Angular Momentum Quantum Number: Definition & Example

An error occurred trying to load this video.

Try refreshing the page, or contact customer support.

Coming up next: Archimedes' Principle: Definition, Formula & Examples

You're on a roll. Keep up the good work!

Take Quiz Watch Next Lesson
Your next lesson will play in 10 seconds
  • 0:01 Angular Momentum…
  • 1:28 Relationship with…
  • 3:41 Shapes of Orbitals
  • 4:05 Lesson Summary
Add to Add to Add to

Want to watch this again later?

Log in or sign up to add this lesson to a Custom Course.

Login or Sign up


Recommended Lessons and Courses for You

Lesson Transcript
Instructor: Nissa Garcia

Nissa has a masters degree in chemistry and has taught high school science and college level chemistry.

Electrons in an atom occupy regions known as orbitals, and these orbitals have shapes. In this lesson, we will discuss the secondary quantum number: the angular momentum quantum number, which determines the shape of an orbital.

Angular Momentum Quantum Number

There are four quantum numbers that make up the address for an electron. Of the four quantum numbers, our focus for this lesson is the angular momentum quantum number, which is also known as the secondary quantum number or azimuthal quantum number.

The angular momentum quantum number is a quantum number that describes the 'shape' of an orbital and tells us which subshells are present in the principal shell. We can think about it this way: each of our homes has its own architecture. In the subatomic level, the 'home' of electrons is an orbital, and each orbital has its own shape. The symbol that is used when we refer to the angular momentum quantum number looks like this:

Symbol for Angular Momentum Quantum Number

Electrons occupy a region called 'shells' in an atom. The angular momentum quantum number, l, divides the shells into subshells, which are further divided into orbitals. Each value of l corresponds to a particular subshell. The lowest possible value for l is 0. This following table shows which subshells correspond to the angular momentum quantum number:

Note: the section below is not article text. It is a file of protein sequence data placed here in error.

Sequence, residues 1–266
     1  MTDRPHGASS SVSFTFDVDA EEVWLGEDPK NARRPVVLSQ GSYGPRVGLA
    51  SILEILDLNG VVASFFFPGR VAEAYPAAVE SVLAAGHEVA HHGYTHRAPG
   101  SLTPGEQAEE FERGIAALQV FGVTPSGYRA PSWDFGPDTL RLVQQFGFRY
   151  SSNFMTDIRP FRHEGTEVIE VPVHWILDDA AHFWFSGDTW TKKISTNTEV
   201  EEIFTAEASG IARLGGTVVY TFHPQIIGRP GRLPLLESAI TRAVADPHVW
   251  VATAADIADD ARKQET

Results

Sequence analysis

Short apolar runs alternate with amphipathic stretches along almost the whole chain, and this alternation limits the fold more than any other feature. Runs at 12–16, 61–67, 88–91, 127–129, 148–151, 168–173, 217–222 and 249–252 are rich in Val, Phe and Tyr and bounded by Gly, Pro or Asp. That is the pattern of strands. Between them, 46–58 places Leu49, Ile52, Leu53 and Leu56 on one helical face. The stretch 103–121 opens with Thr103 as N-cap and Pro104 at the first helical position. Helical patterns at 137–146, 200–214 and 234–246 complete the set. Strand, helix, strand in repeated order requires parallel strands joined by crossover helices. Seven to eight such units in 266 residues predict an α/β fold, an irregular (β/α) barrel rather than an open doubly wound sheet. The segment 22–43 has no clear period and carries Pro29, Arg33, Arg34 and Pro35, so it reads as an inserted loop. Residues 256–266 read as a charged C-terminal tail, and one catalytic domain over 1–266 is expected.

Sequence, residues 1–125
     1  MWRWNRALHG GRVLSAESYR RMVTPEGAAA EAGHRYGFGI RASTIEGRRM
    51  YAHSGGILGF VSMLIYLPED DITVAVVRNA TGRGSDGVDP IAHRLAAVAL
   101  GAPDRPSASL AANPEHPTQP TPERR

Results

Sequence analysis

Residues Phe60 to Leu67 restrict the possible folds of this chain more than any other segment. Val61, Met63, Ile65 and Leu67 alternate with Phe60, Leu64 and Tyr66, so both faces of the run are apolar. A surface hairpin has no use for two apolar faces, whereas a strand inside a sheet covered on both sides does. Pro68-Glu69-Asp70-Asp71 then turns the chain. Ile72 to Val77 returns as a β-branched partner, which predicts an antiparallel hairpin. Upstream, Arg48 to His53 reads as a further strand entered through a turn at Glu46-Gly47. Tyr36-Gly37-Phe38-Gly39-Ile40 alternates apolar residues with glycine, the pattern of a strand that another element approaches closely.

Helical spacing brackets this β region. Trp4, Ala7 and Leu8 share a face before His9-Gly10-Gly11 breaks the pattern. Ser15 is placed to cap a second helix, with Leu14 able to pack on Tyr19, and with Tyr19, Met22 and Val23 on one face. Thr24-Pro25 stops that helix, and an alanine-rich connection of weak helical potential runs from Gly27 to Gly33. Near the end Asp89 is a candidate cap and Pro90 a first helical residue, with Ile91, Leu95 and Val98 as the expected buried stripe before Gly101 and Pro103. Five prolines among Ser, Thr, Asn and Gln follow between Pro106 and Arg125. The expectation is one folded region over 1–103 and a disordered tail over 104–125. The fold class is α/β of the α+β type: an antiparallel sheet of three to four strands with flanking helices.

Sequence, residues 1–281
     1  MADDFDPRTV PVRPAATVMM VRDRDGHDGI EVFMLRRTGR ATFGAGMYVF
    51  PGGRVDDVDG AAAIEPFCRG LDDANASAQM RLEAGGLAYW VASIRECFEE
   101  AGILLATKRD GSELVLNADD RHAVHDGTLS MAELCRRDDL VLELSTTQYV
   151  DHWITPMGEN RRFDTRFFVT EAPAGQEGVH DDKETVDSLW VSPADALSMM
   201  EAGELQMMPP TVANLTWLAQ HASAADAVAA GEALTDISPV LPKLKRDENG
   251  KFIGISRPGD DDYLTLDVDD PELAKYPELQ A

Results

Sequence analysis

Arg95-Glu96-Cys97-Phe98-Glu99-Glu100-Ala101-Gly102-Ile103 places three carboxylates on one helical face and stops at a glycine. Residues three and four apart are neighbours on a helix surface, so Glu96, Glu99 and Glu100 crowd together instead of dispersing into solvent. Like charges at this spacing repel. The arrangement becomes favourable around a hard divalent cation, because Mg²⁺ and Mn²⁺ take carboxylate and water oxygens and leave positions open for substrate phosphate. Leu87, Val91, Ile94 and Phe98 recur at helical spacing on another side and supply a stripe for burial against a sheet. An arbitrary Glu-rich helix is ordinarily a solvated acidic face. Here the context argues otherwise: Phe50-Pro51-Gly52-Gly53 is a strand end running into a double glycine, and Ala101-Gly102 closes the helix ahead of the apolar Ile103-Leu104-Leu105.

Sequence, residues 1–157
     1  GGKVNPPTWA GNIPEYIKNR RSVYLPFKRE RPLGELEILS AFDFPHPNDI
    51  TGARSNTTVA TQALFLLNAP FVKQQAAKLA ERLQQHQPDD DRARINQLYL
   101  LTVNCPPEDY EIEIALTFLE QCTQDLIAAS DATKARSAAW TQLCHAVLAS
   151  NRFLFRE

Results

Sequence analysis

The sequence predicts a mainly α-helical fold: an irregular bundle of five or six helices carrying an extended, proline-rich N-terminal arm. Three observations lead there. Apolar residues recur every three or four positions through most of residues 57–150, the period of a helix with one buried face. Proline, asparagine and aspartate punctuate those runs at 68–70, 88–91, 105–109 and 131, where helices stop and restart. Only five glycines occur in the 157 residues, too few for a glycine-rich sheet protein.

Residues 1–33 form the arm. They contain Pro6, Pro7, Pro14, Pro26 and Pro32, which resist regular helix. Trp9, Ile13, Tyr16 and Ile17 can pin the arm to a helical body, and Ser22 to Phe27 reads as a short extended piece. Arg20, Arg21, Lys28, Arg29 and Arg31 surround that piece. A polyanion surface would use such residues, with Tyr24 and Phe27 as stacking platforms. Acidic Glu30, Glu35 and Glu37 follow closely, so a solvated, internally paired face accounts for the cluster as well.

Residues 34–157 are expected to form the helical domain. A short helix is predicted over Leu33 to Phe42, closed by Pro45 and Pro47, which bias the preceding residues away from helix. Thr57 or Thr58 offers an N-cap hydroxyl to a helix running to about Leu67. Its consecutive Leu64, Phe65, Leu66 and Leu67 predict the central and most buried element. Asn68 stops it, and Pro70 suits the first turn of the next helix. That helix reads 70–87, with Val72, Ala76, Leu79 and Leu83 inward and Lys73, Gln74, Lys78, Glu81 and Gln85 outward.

Subshells and Angular Momentum Quantum Number

The angular momentum quantum number can also tell us how many nodes there are in an orbital. A node is an area in an orbital where there is 0 probability of finding electrons. The value of l is equal to the number of nodes. For example, for an orbital with an angular momentum of l = 3, there are 3 nodes.

Relationship with Principal Quantum Number

It is important to point out that there is a relationship between the principal quantum number and the angular momentum quantum number. To recap, the principal quantum number tells us what principal shells the electrons occupy. It determines the energy level and size of the shell and uses the symbol n and is any positive integer.

The angular momentum quantum number values range from 0 to n - 1, and cannot be greater than n. This table shows the relationship between the two quantum numbers:

Relationship Between the Principal and Angular Momentum Quantum Numbers

We can think about the relationship between these two quantum numbers as this: the principal quantum number is the number of the floors, and the angular momentum quantum numbers are the rooms in each floor. The floor contains the rooms, and each room has its own unique appearance.

It's important to note that the value of l never exceeds n, and its greatest value is equal to n - 1. Let's go over a few examples to further understand this relationship.

To unlock this lesson you must be a Member.
Create your account

Register to view this lesson

Are you a student or a teacher?

Unlock Your Education

See for yourself why 30 million people use

Become a member and start learning now.
Become a Member  Back
What teachers are saying about
Try it risk-free for 30 days

Earning College Credit

Did you know… We have over 160 college courses that prepare you to earn credit by exam that is accepted by over 1,500 colleges and universities. You can test out of the first two years of college and save thousands off your degree. Anyone can earn credit-by-exam regardless of age or education level.

To learn more, visit our Earning Credit Page

Transferring credit to the school of your choice

Not sure what college you want to attend yet? has thousands of articles about every imaginable degree, area of study and career path that can help you find the school that's right for you.

Create an account to start this course today
Try it risk-free for 30 days!
Create An Account